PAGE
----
Saturday, April 13 2024
Broken Clouds
61.34°F New York

Greece confident to become major electricity exporter to Europe

electricity greece

Greece could generate billions of euros for its economy by developing a power connection to central Europe and exporting the country’s vast potential in renewable energy to consumers in Germany and elsewhere.

HDN Newsroom

According to a new study by consultancy KPMG, the creation of the South East-North Electricity Highway – a project that Greece raised with its partners in Europe last year – could generate between €6.2 billion and €17.5 billion for the Greek economy, while also lowering electricity prices for consumers and enhancing Europe’s energy security.

“The development of an interconnection to central Europe could be the first electricity highway in the EU and part of the Priority Electricity Corridor of Central Eastern and South Eastern interconnections,” the study notes. “It targets the integration of markets, the reduction of electricity prices, the expansion of RES electricity, and EU’s overall security of supply.”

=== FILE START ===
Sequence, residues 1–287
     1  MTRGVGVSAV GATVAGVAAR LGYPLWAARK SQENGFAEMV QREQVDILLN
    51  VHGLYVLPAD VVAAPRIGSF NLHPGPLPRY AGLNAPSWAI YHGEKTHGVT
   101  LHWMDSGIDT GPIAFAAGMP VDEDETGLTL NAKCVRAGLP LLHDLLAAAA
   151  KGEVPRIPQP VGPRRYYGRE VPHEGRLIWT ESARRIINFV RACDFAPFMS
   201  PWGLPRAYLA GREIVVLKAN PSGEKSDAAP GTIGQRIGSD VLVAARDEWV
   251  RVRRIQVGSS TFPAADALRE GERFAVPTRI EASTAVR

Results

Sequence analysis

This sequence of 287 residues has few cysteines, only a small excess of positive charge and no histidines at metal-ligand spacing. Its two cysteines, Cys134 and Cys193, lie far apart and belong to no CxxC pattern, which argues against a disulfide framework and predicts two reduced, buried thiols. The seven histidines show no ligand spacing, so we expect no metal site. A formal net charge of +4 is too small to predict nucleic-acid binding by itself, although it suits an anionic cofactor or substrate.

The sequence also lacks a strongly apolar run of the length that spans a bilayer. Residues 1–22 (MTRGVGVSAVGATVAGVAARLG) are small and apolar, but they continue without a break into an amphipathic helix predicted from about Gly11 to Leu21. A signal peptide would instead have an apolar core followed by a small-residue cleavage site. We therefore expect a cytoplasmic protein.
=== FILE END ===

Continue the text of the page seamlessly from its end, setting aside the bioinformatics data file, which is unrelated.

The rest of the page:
Over the last several years, Greece has emerged as a regional energy hub, serving both as a transshipment point for natural gas supplies to Southeast and Western Europe and as an exporter of electricity to its neighbors. That role is due to grow as the country’s national grid operator upgrades power connections with Bulgaria, Italy, North Macedonia, Albania and Turkey, and presses ahead with plans to connect Greece’s grid with Cyprus, Israel and Egypt.

The KPMG study also notes that Greece has led the rest of Europe in greening its power generating sector by sharply reducing its use of lignite as a fuel source and, at the same time, ramping up production from renewable sources, particularly solar power.

“Greece is enacting extensive reforms within its energy sector to promote decarbonization and encourage the
development of competitive markets. In absolute terms, the power generation sector in Greece has decreased its CO2 emissions by more than 58% compared to 2010 levels,” the report notes. “This is mainly attributed to the large decrease of lignite generation and the uptake of renewable energy. Additionally it can be noted that Greece’s previously mentioned reduction of 58% is significantly higher vs the 21% of the EU27 average.”